Madison investor Scott Button has seen literally hundreds of company and inventor pitches, so he’s not someone who is easily impressed by entrepreneurs who are convinced they have stumbled upon The Next Big Thing.
At the close of the recent “Milwaukee Quick Pitch” event at Miller Park, however, Button acknowledged he would be back for more.
“I’ll be telling my partners we need to come back to Milwaukee,” said Button, a managing director of Venture Investors LLC, Wisconsin’s oldest and largest early stage venture capital firm.
Read this commentary in the Milwaukee Journal Sentinel here.
His declaration drew a round of applause from about 75 people at the forum, which featured a series of seven-minute presentations from seven inventors or teams working to move ideas from the laboratory bench to the marketplace. Button and three other panelists familiar with how such ideas get funded were on hand to provide on-the-spot feedback to each.
Button’s remark was applause-worthy because his fund is known for investing in health-related companies that spin out of major Midwest research universities. Venture Investors LLC has offices in Madison and Ann Arbor, Mich., home to two of the nation’s five largest research universities, but not in Milwaukee.
For many in the meeting room just beyond the left-field foul pole in Miller Park, it was gratifying to hear Milwaukee’s R&D institutions were on the venture capital map.
The forum was hosted by the UWM Research Foundation, the Medical College of Wisconsin’s Office of Technology Development and the BloodCenter of Wisconsin. It featured pitches from those institutions as well as collaborators at Marquette and Concordia universities, with all seven focused on innovations in health care or in public health.
The diverse nature of the pitches spoke to the fact that Milwaukee’s life sciences R&D cluster, while not big enough to rival the UW-Madison or the University of Michigan, is nonetheless spawning ideas that can benefit human health and make money for those who turn them into products or companies. The event’s “batting lineup” included:
■A genetically engineered cell casing for delivering a therapeutic cargo to treat neurological diseases, such as Alzheimer’s and Parkinson’s diseases.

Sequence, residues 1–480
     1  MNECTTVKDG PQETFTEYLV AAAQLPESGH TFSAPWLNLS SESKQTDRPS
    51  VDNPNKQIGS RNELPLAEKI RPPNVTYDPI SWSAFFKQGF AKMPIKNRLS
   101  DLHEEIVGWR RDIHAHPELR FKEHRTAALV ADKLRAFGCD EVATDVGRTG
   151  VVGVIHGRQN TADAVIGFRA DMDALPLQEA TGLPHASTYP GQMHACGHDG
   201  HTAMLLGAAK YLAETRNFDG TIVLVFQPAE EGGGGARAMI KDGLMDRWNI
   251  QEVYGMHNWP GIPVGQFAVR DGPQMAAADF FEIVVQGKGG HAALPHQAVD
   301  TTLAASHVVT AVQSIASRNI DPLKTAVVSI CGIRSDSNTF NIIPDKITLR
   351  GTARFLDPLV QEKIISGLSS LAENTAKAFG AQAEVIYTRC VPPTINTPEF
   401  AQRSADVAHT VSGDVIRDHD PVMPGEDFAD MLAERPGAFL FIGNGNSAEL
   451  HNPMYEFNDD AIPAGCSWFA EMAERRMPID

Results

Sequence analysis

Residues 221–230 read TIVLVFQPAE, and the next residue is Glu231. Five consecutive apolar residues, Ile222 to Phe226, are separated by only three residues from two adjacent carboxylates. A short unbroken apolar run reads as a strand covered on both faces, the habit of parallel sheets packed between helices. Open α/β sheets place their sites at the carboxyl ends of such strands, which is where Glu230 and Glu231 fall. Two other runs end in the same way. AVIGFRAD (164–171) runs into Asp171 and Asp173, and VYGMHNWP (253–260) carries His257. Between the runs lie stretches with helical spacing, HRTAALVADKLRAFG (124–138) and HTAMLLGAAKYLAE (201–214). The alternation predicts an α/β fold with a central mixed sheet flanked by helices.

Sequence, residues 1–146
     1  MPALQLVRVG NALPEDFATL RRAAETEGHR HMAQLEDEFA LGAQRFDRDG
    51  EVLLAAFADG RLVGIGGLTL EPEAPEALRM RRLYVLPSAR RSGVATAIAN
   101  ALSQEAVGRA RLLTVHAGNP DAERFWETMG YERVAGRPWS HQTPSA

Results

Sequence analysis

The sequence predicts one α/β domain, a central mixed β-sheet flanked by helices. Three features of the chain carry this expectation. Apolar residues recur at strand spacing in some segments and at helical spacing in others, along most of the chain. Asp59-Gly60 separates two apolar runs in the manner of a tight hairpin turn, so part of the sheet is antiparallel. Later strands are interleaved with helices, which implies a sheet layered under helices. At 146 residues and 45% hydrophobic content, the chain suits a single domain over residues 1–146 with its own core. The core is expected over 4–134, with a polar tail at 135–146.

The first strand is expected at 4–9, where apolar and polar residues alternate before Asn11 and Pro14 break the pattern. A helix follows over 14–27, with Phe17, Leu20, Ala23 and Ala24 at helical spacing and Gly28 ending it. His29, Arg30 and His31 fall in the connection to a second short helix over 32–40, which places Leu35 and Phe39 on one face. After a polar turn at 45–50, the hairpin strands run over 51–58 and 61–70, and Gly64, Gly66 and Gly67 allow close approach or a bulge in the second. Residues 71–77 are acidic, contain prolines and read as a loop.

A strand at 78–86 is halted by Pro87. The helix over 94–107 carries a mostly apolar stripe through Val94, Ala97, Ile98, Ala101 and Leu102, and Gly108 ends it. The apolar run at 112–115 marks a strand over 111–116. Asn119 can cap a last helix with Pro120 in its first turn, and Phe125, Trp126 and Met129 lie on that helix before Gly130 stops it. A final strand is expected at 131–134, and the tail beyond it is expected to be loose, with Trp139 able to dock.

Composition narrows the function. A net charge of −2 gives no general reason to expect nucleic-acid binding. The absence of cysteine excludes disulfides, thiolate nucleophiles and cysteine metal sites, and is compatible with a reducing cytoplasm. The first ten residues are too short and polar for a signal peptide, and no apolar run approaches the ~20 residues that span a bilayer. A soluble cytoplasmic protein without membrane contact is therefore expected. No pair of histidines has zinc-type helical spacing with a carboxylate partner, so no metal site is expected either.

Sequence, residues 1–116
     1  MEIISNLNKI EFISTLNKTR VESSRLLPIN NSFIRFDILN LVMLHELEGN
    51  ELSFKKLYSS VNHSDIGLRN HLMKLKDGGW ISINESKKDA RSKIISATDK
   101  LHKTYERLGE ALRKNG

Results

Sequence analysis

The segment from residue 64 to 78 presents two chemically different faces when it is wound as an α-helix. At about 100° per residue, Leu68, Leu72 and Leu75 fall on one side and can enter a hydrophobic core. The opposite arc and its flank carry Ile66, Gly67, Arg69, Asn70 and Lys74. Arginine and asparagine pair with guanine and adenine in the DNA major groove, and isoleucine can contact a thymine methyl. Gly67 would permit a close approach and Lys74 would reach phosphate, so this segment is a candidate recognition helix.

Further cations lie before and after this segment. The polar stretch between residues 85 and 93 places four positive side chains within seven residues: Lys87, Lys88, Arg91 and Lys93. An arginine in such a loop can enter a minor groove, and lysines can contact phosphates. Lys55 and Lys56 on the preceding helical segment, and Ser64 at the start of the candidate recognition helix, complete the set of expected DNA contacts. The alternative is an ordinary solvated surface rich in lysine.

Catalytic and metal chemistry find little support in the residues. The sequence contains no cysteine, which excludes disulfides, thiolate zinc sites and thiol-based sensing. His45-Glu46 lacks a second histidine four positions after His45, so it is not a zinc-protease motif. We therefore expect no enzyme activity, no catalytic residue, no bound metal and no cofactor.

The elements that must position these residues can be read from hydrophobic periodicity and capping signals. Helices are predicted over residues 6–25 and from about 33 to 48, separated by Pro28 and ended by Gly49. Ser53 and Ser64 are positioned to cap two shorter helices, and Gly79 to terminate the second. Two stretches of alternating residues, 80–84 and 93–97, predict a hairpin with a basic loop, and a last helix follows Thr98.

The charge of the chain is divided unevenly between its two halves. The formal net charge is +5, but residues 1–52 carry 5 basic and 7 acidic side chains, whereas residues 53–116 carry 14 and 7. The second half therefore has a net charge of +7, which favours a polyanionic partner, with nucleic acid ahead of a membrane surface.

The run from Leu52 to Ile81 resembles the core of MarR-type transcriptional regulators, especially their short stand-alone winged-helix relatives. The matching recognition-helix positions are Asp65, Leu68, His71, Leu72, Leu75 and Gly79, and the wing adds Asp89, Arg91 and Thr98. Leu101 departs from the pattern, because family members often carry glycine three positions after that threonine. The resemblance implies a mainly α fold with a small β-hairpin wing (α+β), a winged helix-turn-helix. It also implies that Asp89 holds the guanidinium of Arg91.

■A redesigned umbilical cord clamp to help doctors and others more safely and efficiently deliver babies.
■A biotechnology molecule that could eliminate or greatly reduce the need for people with Type 2 diabetes and metabolic disorders to take multiple drugs.
■A microchip sensor that would allow rapid testing of water for lead and other heavy metal contamination, with the potential for testing for biologic toxins in the future.
■A testing kit that would help determine whether people who use the blood thinner heparin are at risk of developing a condition that causes strokes, loss of limbs or death.
■A pharmaceutical therapy for rare vascular malformations, usually facially disfiguring, that are mainly treated by surgery today.
■An anticancer agent that targets tumors by reacting to high levels of hydrogen peroxide deep inside those tumors.
It’s difficult to know which of those ideas will blossom into companies, although several are already headed down that route. However, all have the potential to turn their intellectual property into products that could be licensed or acquired by others.
Connecting top scientists and physicians to people who can help make that happen was one of the goals of the “Milwaukee Quick Pitch,” which is designed to give investors and others a first look at emerging technologies. Similar “first look” forums have been produced by the Wisconsin Technology Council at its major conferences and by the UWM Research Foundation.
The trick is connecting those who know the science with those who understand the regulatory and business paths that must be followed to put it to use. That’s why Button, venture capitalist John Philosophos, entrepreneur Heather Wentler and Eric Floyd, chief science officer for Dohmen Life Science Services, were on hand to give advice.
What’s needed now is for more health care investors and experts in Big Pharma to discover Milwaukee, where colleges and universities collectively spend about $300 million per year on R&D work, much of it in the life sciences. That work is yielding results, and there’s a local support system in place. It’s enough to compel investors such as Button to take another look at Milwaukee.